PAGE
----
Several new factors may contribute to initiating a process towards an institutionally-based peace regime also in Northeast Asia. The international context is now changing positively in many respects, even if China’s increased willingness to flex its economic muscles is casting shadows on these positive prospects.
- Perversely, the current global financial crisis may open the door for utilizing regionally the options offered by the abundant economic resources in Northeast Asia, and the complementarities of national economies of the region.
- The election of President Obama in the United States and Prime Minister Yukio Hatoyama in Japan is opening new prospects for multilateral cooperation and overcoming the Cold War legacies in Northeast Asia.
- The Six-party talks, which were started to tackle the North Korean nuclear issue, have shown in spite of several setbacks, that a multilateral forum, including also North Korea, is possible in Northeast Asia. In the long run it could be developed towards a system similar to the CSCE/OSCE in Europe.
Any major civilian catastrophe in North Korea may cause millions of its citizens to flee to the neighbouring countries, Japan included, shaking immediately the whole international system. Even a limited military conflict with conventional weapons on the Korean peninsula would involve not only the 1.5 million soldiers on the alert on the inter-Korean border, but also the U.S. troops in South Korea. The risk of a U.S. – Chinese military confrontation in the event of a civil war in North Korea is an imaginable threat scenario.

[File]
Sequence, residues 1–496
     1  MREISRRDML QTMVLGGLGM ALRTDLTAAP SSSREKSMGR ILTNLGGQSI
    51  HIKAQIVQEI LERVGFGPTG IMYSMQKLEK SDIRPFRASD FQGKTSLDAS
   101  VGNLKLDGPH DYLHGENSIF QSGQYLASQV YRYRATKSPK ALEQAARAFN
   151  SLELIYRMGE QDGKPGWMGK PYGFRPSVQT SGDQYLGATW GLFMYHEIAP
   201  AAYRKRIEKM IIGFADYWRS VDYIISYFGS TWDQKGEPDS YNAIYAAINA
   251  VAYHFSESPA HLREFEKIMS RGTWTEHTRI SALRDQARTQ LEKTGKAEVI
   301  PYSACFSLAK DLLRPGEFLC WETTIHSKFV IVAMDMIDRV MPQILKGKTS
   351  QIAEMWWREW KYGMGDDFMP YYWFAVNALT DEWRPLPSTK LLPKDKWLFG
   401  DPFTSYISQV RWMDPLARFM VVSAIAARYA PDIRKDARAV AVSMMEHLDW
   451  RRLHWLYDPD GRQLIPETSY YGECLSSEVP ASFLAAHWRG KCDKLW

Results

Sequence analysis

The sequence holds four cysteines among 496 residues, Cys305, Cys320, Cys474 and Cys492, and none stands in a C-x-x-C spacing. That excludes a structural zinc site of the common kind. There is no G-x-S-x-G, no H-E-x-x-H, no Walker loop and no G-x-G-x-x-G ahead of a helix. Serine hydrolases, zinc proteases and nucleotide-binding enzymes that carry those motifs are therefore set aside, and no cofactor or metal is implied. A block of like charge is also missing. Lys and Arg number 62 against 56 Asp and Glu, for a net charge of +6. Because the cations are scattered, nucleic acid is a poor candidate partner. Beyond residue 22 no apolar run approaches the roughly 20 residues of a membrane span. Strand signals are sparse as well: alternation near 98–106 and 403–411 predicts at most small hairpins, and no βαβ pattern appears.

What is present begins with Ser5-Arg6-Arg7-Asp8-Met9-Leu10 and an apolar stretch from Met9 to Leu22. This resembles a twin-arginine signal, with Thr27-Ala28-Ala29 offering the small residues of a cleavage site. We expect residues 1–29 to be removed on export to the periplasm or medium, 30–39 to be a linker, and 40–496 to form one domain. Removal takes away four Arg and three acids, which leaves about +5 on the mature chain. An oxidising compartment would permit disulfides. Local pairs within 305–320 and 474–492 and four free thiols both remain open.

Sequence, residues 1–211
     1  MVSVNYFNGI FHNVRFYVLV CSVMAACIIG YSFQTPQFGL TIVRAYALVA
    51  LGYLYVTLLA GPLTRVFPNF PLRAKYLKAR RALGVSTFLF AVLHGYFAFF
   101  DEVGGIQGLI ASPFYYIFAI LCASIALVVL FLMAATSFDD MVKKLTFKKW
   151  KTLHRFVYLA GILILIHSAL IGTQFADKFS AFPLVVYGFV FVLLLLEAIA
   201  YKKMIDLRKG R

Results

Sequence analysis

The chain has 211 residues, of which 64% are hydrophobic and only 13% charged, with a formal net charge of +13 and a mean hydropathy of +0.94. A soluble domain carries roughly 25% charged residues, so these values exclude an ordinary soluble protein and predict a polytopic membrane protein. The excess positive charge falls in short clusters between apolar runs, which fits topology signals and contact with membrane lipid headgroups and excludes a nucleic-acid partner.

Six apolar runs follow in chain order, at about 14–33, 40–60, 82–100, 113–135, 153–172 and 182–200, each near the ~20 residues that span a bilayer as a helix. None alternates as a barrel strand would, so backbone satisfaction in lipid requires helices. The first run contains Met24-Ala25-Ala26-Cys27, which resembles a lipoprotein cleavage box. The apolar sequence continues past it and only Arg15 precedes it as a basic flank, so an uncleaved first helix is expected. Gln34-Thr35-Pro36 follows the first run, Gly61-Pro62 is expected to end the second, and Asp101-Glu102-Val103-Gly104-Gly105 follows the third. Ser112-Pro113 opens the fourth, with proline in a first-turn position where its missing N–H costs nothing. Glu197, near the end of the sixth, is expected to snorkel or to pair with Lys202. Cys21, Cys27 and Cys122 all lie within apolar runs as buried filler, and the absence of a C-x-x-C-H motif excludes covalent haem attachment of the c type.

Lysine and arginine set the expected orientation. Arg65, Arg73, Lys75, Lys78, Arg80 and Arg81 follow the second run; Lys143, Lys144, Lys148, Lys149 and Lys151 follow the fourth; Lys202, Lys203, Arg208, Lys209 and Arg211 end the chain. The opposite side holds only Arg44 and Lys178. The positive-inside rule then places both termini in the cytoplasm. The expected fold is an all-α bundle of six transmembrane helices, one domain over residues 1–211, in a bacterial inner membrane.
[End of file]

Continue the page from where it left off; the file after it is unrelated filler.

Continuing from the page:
A nuclear war in Korea, starting on purpose or by mistake, would be a horrible catastrophe. Not only would it likely destroy major cities, with millions of victims, but also cause serious changes to the global climate, according to recent studies, which would be more serious than the present global warming.
To prevent these horror scenarios from becoming reality, and to support the establishment of a regional peace regime in Northeast Asia, is one of the major and urgent challenges to the whole international community, the European Union included. Now, not tomorrow.
One of the still unfinished tasks of the Cold War era is to end formally the Korean War, which started 60 years ago, and ended in an armistice in 1953, signed by the U.S, China and North Korea. South Korea did not sign the agreement. A formal peace treaty has never been negotiated.